Cameron and PM apologise over Remembrance Day photo-ops

Author: By James Tapsfield, PA

The leaders said sorry after the Dean of Westminster Abbey rebuked them for
their behaviour at the service to mark the passing of Britain’s last First
World War troops.

The event at the centre of the row took place on November 11, and was led by
the Archbishop of Canterbury.

Mr Cameron reportedly arrived with his own photographer, and had his picture
taken in the Abbey garden inspecting tributes to the fallen.

The Prime Minister was then said to have asked to be photographed with his
wife Sarah in the same place.

The head of communications at the Abbey, Duncan Jeffrey, told the Mail on
Sunday he had raised concerns with aides to the leaders.

“I pointed out that if people wished to take pictures in the Field of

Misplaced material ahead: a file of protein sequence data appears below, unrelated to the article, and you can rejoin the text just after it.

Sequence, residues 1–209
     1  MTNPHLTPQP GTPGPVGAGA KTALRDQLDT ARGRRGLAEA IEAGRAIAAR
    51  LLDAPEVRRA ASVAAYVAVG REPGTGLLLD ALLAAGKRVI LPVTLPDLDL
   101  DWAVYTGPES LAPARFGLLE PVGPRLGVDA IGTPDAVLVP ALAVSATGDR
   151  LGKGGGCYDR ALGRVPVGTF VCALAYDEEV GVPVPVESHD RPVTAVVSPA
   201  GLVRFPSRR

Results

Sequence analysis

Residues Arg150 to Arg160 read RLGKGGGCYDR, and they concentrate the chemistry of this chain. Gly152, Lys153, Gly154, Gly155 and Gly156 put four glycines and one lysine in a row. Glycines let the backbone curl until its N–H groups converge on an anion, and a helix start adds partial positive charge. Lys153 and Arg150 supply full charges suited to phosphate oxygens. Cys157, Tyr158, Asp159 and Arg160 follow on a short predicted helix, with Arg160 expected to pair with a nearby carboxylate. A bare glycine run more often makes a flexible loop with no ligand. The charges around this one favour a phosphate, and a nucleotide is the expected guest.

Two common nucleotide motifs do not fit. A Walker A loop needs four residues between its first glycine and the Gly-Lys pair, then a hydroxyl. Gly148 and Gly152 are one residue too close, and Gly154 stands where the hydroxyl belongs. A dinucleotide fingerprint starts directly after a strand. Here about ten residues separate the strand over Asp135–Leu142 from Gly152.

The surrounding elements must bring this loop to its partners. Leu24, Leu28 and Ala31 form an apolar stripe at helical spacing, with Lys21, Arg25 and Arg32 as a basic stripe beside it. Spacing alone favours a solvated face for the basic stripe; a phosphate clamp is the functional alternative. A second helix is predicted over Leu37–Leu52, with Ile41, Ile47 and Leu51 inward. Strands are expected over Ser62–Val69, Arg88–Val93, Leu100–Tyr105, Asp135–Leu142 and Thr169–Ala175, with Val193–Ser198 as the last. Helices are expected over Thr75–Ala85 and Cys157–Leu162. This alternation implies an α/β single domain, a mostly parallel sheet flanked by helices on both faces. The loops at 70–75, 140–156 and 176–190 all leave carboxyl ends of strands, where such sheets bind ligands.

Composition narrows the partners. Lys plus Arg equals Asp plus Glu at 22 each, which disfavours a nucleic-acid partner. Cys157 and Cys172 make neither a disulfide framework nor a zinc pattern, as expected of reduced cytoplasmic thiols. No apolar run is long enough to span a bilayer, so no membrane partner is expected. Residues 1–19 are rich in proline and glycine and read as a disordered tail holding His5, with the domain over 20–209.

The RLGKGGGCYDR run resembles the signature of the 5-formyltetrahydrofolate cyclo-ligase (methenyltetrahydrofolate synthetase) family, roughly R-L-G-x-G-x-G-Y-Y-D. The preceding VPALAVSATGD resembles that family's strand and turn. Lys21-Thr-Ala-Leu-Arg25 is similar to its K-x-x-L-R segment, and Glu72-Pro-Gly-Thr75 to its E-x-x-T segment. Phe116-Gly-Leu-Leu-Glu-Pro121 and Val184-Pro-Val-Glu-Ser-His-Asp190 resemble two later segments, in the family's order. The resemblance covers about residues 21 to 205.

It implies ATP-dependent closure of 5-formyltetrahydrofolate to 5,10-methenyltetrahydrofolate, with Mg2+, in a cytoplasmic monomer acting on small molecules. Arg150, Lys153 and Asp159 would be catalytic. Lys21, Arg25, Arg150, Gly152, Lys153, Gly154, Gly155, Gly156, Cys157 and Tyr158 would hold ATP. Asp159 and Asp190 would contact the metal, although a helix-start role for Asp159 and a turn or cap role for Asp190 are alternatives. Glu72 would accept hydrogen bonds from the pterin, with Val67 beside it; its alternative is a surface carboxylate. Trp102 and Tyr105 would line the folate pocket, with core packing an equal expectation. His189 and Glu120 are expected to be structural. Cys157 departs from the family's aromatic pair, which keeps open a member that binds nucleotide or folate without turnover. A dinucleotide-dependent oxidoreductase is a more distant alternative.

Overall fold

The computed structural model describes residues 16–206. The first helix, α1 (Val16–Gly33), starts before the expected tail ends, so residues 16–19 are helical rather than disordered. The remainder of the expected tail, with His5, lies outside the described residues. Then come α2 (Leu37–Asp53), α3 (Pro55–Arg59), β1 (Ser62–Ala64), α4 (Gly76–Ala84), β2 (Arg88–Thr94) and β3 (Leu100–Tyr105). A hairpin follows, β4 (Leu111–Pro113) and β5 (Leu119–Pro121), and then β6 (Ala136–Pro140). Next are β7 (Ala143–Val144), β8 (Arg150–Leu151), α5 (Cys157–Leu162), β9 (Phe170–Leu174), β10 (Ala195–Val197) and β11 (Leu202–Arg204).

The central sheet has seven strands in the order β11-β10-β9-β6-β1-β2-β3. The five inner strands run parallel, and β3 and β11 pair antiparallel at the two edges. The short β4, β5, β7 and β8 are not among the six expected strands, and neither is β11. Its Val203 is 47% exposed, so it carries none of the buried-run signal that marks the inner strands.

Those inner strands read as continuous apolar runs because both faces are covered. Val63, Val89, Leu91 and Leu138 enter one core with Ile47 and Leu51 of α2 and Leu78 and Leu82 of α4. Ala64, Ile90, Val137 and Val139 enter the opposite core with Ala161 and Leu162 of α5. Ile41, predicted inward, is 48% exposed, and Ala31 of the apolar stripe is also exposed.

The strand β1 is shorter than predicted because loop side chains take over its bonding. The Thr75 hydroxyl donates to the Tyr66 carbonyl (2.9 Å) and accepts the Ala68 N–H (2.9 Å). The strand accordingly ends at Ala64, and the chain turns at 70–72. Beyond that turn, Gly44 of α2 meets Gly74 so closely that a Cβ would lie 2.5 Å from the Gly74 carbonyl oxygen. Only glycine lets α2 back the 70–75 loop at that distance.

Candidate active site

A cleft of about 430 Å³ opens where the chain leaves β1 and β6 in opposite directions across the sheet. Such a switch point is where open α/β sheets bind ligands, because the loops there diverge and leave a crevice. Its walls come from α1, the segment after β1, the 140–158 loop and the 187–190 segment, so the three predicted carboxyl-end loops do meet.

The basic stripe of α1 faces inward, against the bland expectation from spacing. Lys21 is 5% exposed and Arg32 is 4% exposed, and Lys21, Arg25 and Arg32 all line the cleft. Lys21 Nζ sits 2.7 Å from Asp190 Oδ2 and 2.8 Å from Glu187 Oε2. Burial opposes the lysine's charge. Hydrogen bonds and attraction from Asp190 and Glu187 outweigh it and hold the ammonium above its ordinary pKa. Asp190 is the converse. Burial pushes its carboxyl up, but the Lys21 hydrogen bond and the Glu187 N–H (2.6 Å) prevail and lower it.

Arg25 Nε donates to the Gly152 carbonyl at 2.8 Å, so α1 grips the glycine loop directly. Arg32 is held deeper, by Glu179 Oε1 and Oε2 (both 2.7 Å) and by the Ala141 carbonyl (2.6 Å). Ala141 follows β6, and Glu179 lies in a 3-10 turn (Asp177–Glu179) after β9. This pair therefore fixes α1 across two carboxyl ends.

Remembrance then we would prefer to be notified in advance,” he said.

Officials acting for the Very Reverend Dr John Hall are also reported to have
sent formal complaints.

A Downing Street spokesman said: “Following the service at the Abbey that
morning, the Prime Minister expressed a desire to visit the Field of
Remembrance, as an appropriate way to recognise those who have made the
ultimate sacrifice while serving their country.

“We apologised for any inconvenience caused by this late change of the
programme.”

A Conservative Party spokesman said: “The decision to take photos was at the
last minute, and permission was sought from officials in charge of the field
of remembrance.

“We apologise for any misunderstanding and have given assurances that it won’t
happen again.”

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